As published in the Sunday Herald Sun – Sunday, 26th August 2018
One of Melbourne’s best sports lawyers says the similarities in Sam Murray’s case to Wendell Sailor’s maximum cocaine suspension show he “is up against it” to dodge a four-year ban.
SportsLawyer Principal Paul Horvath helped represent Mark Thompson through the Essendon supplements scandal and has vast experience in AFL and ASADA matters.
He told the Sunday Herald Sun yesterday that, like Sailor before him, Collingwood defender Murray had few options to argue for a discount on a penalty that has doubled to four years – up from two when Sailor was banned.
Murray is believed to have had trace amounts of cocaine in his system from the Round 19 clash against Richmond after taking the drug as far back as the Tuesday night of that week.
He has told friends the level of cocaine in his system was extremely low. But under ASADA law, only a positive test matters, with experts saying the upcoming B sample is almost always identical.
Sailor tested positive following a Super 14 rugby match between NSW Waratahs and ACT Brumbies in April 2006. He received no discount from the full ban.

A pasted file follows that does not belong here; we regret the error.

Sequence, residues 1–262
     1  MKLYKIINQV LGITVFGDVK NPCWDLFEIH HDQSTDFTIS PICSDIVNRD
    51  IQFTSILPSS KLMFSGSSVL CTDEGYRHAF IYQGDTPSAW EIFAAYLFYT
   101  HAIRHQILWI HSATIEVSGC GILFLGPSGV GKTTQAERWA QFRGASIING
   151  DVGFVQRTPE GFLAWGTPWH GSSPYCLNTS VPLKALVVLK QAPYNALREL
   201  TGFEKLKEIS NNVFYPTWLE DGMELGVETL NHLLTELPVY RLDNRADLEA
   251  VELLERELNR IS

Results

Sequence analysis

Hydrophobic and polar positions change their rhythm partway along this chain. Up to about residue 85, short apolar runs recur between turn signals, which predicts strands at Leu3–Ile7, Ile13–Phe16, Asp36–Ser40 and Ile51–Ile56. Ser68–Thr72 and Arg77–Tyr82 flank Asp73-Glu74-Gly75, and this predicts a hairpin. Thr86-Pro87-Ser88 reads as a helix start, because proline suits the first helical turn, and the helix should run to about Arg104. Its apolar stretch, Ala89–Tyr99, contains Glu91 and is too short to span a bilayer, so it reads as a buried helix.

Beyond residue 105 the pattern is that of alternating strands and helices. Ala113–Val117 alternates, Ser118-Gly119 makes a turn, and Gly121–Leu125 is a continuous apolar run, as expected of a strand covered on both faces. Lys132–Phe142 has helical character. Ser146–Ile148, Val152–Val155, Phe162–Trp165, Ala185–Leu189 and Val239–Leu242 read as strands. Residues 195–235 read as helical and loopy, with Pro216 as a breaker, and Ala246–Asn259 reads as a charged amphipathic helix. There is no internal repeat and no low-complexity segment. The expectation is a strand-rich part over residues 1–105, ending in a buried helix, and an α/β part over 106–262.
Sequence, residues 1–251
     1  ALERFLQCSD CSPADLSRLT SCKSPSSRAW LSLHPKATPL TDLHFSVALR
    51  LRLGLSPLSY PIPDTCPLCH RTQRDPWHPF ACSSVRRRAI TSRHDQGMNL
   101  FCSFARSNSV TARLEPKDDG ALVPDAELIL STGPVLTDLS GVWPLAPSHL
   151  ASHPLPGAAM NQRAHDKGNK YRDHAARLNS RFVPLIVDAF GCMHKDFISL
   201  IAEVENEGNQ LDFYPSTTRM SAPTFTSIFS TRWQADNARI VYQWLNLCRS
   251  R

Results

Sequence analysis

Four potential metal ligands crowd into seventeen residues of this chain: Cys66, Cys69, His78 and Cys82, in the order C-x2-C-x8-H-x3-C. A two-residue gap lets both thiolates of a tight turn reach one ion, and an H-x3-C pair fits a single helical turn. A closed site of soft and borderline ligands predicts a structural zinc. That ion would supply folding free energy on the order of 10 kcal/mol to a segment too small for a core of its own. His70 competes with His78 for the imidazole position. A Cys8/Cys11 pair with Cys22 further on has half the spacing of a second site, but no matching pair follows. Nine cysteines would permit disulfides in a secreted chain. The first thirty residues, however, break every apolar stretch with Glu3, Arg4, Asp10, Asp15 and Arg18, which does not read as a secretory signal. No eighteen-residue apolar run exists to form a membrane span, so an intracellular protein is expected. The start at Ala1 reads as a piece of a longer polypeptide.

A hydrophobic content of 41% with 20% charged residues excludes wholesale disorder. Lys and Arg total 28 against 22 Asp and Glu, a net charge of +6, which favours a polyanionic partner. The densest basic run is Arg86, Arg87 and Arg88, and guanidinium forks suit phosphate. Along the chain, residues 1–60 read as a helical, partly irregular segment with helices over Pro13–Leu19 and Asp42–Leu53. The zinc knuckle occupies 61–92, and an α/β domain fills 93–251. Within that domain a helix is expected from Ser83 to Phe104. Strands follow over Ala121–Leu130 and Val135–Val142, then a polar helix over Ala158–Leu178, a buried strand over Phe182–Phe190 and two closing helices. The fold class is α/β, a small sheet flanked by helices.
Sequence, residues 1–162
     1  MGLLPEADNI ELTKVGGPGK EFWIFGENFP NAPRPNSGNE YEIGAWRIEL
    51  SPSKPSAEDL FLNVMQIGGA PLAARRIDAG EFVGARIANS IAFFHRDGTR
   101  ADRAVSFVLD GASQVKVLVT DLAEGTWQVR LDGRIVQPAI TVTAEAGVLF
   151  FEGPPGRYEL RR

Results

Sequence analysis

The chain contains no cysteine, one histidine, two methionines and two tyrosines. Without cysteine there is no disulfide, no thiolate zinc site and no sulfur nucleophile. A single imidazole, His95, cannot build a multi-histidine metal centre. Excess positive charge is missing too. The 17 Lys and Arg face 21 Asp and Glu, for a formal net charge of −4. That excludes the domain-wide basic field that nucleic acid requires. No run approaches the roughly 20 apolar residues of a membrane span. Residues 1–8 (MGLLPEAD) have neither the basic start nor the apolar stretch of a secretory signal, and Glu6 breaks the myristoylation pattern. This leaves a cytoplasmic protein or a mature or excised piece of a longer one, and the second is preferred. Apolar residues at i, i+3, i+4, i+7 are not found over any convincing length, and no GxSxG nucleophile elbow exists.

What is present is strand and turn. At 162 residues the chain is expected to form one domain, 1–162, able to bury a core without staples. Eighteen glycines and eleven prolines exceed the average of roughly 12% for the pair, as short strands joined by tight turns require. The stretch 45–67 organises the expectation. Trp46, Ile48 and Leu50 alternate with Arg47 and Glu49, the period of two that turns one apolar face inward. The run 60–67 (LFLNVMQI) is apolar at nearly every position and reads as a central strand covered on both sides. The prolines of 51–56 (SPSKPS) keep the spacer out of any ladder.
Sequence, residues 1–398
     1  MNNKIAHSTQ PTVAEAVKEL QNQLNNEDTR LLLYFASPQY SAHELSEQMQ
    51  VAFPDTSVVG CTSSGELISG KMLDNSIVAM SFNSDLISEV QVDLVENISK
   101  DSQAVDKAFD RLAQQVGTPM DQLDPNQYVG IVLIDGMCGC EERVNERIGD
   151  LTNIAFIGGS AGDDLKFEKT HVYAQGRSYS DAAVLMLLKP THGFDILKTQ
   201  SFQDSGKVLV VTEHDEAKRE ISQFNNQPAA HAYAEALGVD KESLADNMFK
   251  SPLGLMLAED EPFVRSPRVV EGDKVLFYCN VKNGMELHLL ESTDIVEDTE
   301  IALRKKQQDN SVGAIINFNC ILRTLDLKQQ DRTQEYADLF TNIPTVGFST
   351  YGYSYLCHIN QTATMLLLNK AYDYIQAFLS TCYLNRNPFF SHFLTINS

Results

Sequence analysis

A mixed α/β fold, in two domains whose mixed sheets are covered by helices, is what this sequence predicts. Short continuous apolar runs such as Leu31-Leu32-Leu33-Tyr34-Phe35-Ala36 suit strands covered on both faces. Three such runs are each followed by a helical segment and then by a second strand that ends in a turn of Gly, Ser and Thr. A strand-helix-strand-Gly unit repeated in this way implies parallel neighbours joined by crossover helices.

“As a general comment I would say this kid is up against it. Whatever your sympathies are, my comment is not about sympathies, it’s about the law,” Horvath said.
It is a harsh system and they are unapologetic about the system being harsh. It is pretty serious and make it difficult to seek a reduction.
“Without knowing all the facts, in normal circumstances it is difficult to see a reduction for taking a stimulant like cocaine on match day.
“Remember Wendell Sailor? He had cocaine from taking it three or four days before his match, clearly not related to being in a match.
“Sailor got no discount. And it was in traces that could not help him perform better on the day. This guy is in more strife than him.”
Some AFL players have received discounts for ASADA breaches.
St Kilda’s Ahmed Saad received an 18-month penalty for taking stimulant contained in an energy drink, and Docker Ryan Crowley a 12-month ban for taking methadone in a painkiller.
But Collingwood pair Lachie Keeffe and Josh Thomas accepted full two-year bans in 2015 without discounts after testing positive to clenbuterol.